Woman searching for missing toddler discovers rock honoring area girl who died of cancer
WACO, Texas (KWTX) - A rock painted in memory of a 6-year-old Central Texas girl who died in February from a rare form of brain cancer found its way into the middle of a search for a missing Waco toddler whose body was later discovered in a dumpster.
When 2-year old Frankie Gonzales was reported missing on June 1, his mother led authorities to believe he had slipped away while at a splash pad in Cameron Park in Waco.
Waco resident Andrea Lopez didn't know the little boy, but after hearing of his disappearance she joined hundreds of others looking for him.
As the search was called off that night, Andrea and her daughter continued to look by flashlight.
They ended up at Cameron Park East where they found a painted purple rock on a picnic table.
They hoped it would be a clue to finding Frankie but instead it read "In Loving Memory #Layla."
"As I read it I got chills on my arms because I thought ‘how sad this is, yet how amazing’ because here we are in search for a missing baby boy and someone obviously painted this rock," Lopez said.
"I thought Layla must be an angel and she's letting us know she is with us and helping us in the search for this baby boy.”
Andrea put the rock in the side pocket of her purse.
She then joined another search group near Gholson Park looking for Frankie into the morning hours and as she searched her mind kept returning to the message on the rock.
"As we searched through the night I kept thinking 'man I want to know the story behind this little Layla.’"
The next day, authorities announced Frankie's body had been found.
Andrea was at work when she got the devastating news and was coincidentally clutching the purple rock she'd found just hours before with the message she didn't quite understand.
Andrea showed the rock to a coworker who told her about a Facebook group called "Waco Texas Rocks," a group which paints rocks, hides them all over town, and then hopes others will post pictures of their discoveries.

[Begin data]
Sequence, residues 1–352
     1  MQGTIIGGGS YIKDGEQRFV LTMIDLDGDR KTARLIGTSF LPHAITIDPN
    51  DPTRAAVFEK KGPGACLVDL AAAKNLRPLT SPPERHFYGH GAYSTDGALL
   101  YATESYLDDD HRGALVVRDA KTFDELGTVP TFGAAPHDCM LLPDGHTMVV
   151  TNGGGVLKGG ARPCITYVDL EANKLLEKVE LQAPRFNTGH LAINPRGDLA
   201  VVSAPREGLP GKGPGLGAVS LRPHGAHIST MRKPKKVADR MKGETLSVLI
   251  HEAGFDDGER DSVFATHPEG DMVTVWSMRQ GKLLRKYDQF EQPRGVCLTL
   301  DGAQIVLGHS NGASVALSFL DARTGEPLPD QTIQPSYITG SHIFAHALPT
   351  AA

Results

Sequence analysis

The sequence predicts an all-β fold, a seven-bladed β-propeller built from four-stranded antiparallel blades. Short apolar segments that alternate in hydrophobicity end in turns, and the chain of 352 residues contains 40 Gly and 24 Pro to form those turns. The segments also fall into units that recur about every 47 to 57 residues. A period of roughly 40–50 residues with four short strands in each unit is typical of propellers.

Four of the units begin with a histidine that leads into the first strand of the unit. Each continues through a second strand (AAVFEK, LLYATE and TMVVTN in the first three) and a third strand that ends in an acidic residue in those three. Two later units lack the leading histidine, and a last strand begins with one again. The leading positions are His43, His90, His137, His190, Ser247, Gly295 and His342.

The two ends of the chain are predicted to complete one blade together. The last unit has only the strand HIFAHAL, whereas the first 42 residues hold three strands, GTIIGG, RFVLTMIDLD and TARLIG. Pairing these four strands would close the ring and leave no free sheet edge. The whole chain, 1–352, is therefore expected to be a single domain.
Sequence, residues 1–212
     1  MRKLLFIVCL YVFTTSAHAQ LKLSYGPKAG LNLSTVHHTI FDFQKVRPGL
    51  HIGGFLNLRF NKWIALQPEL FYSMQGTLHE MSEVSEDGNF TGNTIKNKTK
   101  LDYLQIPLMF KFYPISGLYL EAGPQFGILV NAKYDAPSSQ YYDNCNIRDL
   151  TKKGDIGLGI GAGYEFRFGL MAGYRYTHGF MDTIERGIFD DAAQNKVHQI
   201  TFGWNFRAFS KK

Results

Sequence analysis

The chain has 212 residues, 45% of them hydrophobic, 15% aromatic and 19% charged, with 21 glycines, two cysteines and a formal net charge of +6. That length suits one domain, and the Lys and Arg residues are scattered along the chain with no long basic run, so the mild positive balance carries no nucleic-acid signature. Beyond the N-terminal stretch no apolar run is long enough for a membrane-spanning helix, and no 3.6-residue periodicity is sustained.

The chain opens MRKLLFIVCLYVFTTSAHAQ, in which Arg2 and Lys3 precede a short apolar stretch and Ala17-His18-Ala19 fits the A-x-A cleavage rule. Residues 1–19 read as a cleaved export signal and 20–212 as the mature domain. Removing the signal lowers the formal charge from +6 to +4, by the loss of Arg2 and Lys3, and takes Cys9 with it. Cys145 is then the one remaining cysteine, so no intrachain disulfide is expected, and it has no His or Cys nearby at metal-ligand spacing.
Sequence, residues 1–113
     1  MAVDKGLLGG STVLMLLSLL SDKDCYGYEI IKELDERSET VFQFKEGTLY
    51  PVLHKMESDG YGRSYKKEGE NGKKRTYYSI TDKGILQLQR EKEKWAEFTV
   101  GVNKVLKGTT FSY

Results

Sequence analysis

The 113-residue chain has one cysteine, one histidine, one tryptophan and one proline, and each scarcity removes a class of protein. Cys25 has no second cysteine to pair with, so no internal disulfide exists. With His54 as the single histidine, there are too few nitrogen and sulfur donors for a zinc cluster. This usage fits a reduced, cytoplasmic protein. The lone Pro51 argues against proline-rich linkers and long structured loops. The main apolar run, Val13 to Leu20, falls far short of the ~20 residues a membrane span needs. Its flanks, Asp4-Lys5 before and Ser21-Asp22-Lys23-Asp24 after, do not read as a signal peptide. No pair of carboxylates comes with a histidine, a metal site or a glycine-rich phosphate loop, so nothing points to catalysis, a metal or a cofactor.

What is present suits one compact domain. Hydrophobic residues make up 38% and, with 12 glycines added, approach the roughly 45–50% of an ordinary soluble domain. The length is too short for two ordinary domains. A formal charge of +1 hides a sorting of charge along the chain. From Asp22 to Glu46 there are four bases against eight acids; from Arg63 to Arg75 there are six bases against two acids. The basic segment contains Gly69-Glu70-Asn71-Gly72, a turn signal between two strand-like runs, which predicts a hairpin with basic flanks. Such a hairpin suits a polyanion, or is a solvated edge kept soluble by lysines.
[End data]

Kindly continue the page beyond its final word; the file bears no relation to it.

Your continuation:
Andrea posted a picture of Layla's rock.
Tracy Perez recognized the rock right away because she painted it following the passing of Layla Evetts, of Riesel and Joshua, whose courageous two-year battle with an aggressive form of brain cancer was well-known in Central Texas.
"Someone posted on the page for anyone painting and hiding rocks, that if they would paint some purple which was her favorite color and put the hashtag #Layla on it to honor her memory. I unfortunately never got to meet her but being a mother myself it really touched my heart," Perez said.
Many who saw the post did know Layla personally. Layla's stepmother was eventually tagged beneath the photograph. Layla's father, Corey, says the discovery was gut-wrenching and encouraging at the same time.
"It was pretty emotional for us," he said.
"In true Layla style she loved little kids and she had a true love for Jesus so I had no doubt that Layla would have been with him that night and helping little Frankie get to where he was supposed to be going."
Lopez knew she wanted to carry on Layla's memory by hiding the rock someplace else.
She took the rock to Corpus Christi so she could place it at the feet of her favorite statue.
"I thought what better spot to leave her memory rock than right alongside Selena who many tourist come to see and pay respects to," Lopez said.
"I placed it alongside her boot in hopes that someone visiting would find the rock and post it and question who little Layla was and then she'd make an impact on them as she did on me."
“It’s just another continuous reminder that she’s touching people’s lives and her legacy living on as we’d hope it would,” Layla’s dad added.
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